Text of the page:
Cehlarik appeared in six games for Boston last season totaling a goal and an assist including his first career goal on November 18th, 2017 in San Jose against the Sharks. He also appeared in 35 games for Providence last season, scoring 11 goals and adding 12 assists. Cehlarik skated in 11 games for Boston in 2016-17, posting two assists. He scored 20 goals and had 18 assists for 38 points in Providence in 2016-17.

The Zilina, Slovakia native was drafted by the Bruins in the third round (90th overall) of the 2013 NHL Entry Draft. With the Bruins struggling to score consistently, Cehlarik should be a welcome addition as he’s had 17 games of NHL experience. Expect him to see time on the second line with David Krejci and Jake DeBrusk and perhaps even time on the power play.

Bruins Post-Game Recap: Boston vs. Minnesota: 1/8/19

Image result for Bruins TD Garden 2018

(Photo Credit: Paul Rutherford – USA TODAY Sports)

By Mike Cratty | Follow me on Twitter @Mike_Cratty

Home: Boston Bruins

Away: Minnesota Wild

Boston’s Lineup

Forwards

Marchand – Bergeron – Pastrnak

DeBrusk – Krejci – Backes

Kuraly – Acciari – Wagner

Donato – JFK – Heinen

Defense

Chara – Carlo

Krug – Moore

Grzelcyk – Miller

Goalies

Rask

Halak

Minnesota’s Lineup

Forwards

Greenway – Staal – Granlund

Parise – Coyle – Kunin

Zucker – Koivu – Niederreiter

Hendricks – Eriksson Ek – Foligno

Defense

Suter – Spurgeon

Brodin – Pateryn

Seeler – Prosser

Goalies

Stalock

Dubnyk

First Period

The Minnesota Wild came into this one on the second half of a back-to-back, so it was fair to expect some tired legs for at least part of the game. The Bruins came in winners of their last four games. The Kuraly line started for the Bruins, opposed by the Koivu line for Minnesota. Minnesota’s sluggishness due to the quick turnaround showed early on.

After a back-and-forth start, Danton Heinen redirected John Moore’s shot from the point past Stalock and in to give the Bruins the early lead just 5:23 into the period. Heinen’s goal marked his fifth of the year, assisted by Moore (6), and Krug (23).

Not too long after, Zdeno Chara somehow tossed the 6-foot-6, sub 200 pound Minnesota winger Jordan Greenway like a sack of potatoes and took an interference penalty – giving Minnesota an opportunity to even things up. One may think it’s hard to do that to someone as big as Greenway, but sometimes being 6-foot-9 like Chara comes in handy. The penalty was successfully killed off by the Bruins.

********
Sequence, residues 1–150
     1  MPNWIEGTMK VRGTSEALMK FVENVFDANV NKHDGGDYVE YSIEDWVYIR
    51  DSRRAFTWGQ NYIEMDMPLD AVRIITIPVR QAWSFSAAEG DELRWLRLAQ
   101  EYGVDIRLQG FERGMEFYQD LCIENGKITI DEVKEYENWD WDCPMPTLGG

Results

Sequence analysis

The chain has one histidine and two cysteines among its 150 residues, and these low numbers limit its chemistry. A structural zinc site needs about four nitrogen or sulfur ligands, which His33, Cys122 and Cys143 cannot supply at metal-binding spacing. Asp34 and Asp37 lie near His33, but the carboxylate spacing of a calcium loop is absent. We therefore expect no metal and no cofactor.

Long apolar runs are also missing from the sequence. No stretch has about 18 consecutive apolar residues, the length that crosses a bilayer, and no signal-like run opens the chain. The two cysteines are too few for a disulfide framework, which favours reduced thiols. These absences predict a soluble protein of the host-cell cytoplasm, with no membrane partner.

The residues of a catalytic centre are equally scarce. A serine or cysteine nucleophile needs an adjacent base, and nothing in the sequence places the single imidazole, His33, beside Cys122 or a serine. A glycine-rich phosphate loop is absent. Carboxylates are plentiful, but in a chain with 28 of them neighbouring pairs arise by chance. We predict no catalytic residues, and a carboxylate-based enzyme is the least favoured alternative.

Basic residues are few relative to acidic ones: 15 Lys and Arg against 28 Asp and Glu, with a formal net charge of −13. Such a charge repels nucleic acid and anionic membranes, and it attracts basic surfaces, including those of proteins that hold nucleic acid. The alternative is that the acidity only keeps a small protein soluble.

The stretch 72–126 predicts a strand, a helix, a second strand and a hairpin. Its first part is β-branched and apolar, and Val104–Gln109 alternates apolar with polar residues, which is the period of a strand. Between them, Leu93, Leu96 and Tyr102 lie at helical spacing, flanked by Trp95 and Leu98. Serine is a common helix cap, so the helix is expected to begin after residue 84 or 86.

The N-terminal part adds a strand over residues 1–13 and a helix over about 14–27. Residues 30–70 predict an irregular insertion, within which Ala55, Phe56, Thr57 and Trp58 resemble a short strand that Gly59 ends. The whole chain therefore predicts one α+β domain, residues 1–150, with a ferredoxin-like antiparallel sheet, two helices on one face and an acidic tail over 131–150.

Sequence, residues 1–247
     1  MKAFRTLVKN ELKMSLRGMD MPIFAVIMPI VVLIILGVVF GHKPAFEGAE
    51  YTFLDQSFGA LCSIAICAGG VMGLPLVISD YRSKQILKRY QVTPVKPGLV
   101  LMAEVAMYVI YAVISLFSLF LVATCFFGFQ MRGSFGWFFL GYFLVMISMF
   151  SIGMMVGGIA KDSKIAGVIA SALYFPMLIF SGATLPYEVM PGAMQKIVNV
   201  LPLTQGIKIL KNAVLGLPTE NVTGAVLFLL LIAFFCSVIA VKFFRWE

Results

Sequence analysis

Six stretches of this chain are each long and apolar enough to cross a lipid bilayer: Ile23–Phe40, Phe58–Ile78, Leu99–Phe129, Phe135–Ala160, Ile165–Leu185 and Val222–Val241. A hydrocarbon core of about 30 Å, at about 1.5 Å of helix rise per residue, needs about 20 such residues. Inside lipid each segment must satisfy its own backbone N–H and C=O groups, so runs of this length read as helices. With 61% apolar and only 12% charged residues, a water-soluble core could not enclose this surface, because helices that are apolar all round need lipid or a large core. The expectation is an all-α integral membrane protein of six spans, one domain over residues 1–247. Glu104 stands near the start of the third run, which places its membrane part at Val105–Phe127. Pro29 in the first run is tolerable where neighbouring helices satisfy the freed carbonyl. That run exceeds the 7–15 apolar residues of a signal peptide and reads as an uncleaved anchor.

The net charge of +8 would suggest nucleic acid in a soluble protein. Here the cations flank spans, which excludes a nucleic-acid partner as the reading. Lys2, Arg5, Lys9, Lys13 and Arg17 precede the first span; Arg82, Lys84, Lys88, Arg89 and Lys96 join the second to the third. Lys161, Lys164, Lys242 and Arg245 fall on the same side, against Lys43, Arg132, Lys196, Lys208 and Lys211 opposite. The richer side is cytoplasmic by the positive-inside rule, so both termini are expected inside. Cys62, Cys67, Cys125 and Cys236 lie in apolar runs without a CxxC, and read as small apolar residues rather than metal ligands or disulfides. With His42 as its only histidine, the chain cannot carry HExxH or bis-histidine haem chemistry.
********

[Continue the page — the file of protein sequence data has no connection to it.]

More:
John Moore stayed amongst the offense when he kept the puck in along the wall to the point where the puck found Patrice Bergeron for an indirect pass, and then the backboards where it was deposited into the net by Brad Marchand. The goal marked Marchand’s 16th of the year, Moore’s seventh assist of the season and second of the game, and Patrice Bergeron’s 23rd assist. 2-0 Bruins with 8:31 to go.

Tuukka Rask preserved the two-goal lead with an excellent save on Eric Staal with speed. Shortly after that, Kevan Miller went to the box for holding.

With 34 seconds left on the Wild power play, Staal made it 4-on-4 when he went off for tripping Rask. The Bruins continued the offensive trend when Bergeron sent a shot wide, where it was intentionally deflected off Jake DeBrusk’s chest and in, 3-0 Bruins with 45 seconds left in the period. The goal marked DeBrusk’s 14th of the season, Bergeron’s second assist of the game and 24th of the season, and Brad Marchand’s 30th assist.

In a dominant, highlight-filled first period for the Bruins, they outshot the Wild 15-6. Momentum was clearly in their favor heading into the second period.

Score: 3-0 Boston

Second Period

Rask was nearly fooled on a redirect by Luke Kunin that nearly found its way through his five-hole, but no dice for Kunin and the Wild. The start of this one was very similar to that of the first period. After that chance, went off for two minutes thanks to a tripping penalty for Zach Parise.

The dominance continued when Bergeron got on the board early in the power play off of a redirection off of his skate. It was 4-0 Bruins thanks to Bergeron’s 14th goal of the season, assisted by Marchand (31), and Krug (24), both their second assists of the game.

Moore went to the box around the halfway point of the period for burying Kunin into the Bruins net – can’t do that. Two minutes for interference for Moore, giving Minnesota a chance to get back into this one to some degree. They didn’t convert. Despite not finding the back of the net, the shots were 10-3 Minnesota 13 minutes into the period, so the first period served as a wake-up call to some degree. Rask had yet another very sound period in the crease.

Despite a solid period from the Wild, the advantage still remained heavily in favor of the Bruins on the scoreboard. The shots were 12-5 Wild, decreasing the shot margin to just 20-18 in favor of the Bruins.

Score: 4-0 Boston

Third Period

The game got progressively quieter after the first period. Not even an empty-netter, just the cap on a 24-save shutout for Rask. The Bruins dominated most of the game and the scoreboard shows it. The shots in the final frame were 7-6 Bruins and 27-24 overall.

That emphatic win makes it five straight for the Bruins. Next up are the Washington Capitals at TD Garden at 7 PM ET on Thursday.

Final Score: 4-0 Boston

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Boston Bruins: Halfway Point Of 2018-19 Season

Bruins-Winter-Classic.jpg

PHOTO CREDITS: (Sportsnet.ca)

By: Max Mainville | Check me out on Twitter @tkdmaxbjj

Careful, did you miss it? If you blinked, you may have missed the first half of the 2018-19 NHL season for the Boston Bruins. No, it was not that fast, but it sure went by quickly. Without a doubt, this season has been an interesting one and it is only going to get more interesting from here on out. With Thursday’s win over the Calgary Flames, the Bruins have passed the halfway point of the season – that being their 41st game of 82 on the year.